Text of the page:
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  • A further defense of Gunter Grass

    The only way you can think of the poem 'What must be said' as anti-Semitic is if you think of Grass as an anti-Semite. His history as well as the poem itself point in the exact opposite direction.   If Gunter Grass had ever said or done anything that showed hatred of Jews or of Israel, then I, too, might take a very uncharitable view of his warning in the poem "What must be said" that this country, or even this government, is liable to nuke Iran and "annihilate the Iranian people." Like I wrote before, that's a misleading suggestion; for all the past reports about "bunker-busting" bombs and future scenarios about a regional WMD war, Israel is not…

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  • Günter Grass, persona non grata in Israel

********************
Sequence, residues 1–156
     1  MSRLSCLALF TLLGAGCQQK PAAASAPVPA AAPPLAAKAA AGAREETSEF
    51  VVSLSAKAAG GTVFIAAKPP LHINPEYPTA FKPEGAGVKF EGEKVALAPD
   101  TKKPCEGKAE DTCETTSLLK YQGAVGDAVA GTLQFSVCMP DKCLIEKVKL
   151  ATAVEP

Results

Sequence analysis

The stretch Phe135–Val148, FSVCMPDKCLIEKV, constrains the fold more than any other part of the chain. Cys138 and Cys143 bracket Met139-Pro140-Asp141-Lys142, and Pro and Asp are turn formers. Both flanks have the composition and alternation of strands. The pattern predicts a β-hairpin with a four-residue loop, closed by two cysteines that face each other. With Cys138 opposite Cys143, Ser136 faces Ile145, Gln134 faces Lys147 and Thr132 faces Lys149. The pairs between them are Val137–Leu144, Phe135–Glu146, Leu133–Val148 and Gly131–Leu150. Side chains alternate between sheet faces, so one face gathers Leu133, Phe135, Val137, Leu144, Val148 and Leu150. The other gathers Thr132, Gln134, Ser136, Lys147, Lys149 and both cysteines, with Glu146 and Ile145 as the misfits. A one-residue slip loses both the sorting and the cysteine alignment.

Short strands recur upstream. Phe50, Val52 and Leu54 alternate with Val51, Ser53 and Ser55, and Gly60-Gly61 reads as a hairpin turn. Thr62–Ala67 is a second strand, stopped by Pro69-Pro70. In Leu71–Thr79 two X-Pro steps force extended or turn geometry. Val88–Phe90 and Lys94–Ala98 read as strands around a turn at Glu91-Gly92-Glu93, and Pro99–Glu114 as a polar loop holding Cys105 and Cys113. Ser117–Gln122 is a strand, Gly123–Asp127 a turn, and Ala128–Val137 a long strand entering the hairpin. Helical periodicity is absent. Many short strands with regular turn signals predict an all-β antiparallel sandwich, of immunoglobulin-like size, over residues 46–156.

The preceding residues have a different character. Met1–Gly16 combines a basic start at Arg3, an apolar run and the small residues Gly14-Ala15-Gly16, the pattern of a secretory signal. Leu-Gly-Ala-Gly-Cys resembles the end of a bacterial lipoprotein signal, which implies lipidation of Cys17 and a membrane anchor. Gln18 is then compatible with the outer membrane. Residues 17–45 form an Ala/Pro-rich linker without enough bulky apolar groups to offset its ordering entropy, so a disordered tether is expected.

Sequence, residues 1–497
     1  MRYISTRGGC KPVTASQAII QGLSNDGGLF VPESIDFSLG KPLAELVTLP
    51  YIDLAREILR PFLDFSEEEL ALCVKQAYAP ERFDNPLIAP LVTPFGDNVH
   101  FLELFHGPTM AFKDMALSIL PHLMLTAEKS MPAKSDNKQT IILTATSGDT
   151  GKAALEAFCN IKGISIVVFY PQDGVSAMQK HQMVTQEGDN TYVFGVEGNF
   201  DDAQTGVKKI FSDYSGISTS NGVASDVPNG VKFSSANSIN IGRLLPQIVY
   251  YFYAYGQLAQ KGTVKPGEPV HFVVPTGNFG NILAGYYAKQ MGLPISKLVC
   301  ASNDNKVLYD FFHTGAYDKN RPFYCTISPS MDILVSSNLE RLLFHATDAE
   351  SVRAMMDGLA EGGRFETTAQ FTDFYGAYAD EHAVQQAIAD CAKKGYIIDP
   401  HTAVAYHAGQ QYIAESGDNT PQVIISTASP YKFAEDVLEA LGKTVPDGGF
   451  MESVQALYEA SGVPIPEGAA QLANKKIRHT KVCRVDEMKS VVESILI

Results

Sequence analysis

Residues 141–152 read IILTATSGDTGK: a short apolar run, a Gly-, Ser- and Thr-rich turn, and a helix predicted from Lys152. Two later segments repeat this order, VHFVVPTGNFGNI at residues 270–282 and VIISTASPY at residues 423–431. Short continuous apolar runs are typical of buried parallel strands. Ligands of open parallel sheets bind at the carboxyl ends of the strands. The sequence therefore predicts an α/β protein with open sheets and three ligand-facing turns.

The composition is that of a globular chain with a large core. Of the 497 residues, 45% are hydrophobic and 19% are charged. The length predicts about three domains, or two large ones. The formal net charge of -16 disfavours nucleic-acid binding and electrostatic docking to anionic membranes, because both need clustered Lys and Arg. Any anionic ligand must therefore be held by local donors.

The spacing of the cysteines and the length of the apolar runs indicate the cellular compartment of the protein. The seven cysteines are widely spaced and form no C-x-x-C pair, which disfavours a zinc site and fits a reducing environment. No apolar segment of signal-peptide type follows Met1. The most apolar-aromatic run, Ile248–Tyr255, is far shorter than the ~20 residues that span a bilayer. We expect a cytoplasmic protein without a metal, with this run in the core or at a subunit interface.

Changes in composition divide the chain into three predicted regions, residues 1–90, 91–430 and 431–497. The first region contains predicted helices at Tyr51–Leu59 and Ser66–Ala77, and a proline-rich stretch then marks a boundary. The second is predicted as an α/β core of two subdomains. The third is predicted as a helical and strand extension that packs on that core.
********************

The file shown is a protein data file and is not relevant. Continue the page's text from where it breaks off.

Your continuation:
Now Interior Minister Eli Yishai has declared Grass to be persona non grata while Foreign Minister Avigdor Lieberman has accused the German author of being "willing to sacrifice the Jewish people on the altar of crazy anti-Semites for a second time, just to sell a few more books or gain recognition.” Yishai and Lieberman are the two most outspoken racists in the Israeli government, so if one of the ways to know a person is by his enemies, I'd say Grass is looking pretty good. And in a way, he's getting off easy; when ex-Mossad boss Meir Dagan started criticizing Netanyahu and Barak's plan to bomb Iran, his diplomatic passport was revoked and some cabinet…

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  • More power to Gunter Grass for 'What must be said'

    His poem was especially brave because he's German and because he's vulnerable over his past. If I take Gunter Grass's supposedly anti-Israel, anti-Semitic poem "What must be said" literally, I guess I could quibble with a couple of phrases. He says an Israeli attack on Iran "could erase the Iranian people." An unknowing reader might think Israel is planning to nuke Iran, which isn't the case, even though there were reports in the past about Israel considering the use of tactical nuclear weapons as "bunker-busting" bombs on the underground nuclear sites. And if we want to take a little poetic license, an Israeli attack could expand in all sorts of directions…

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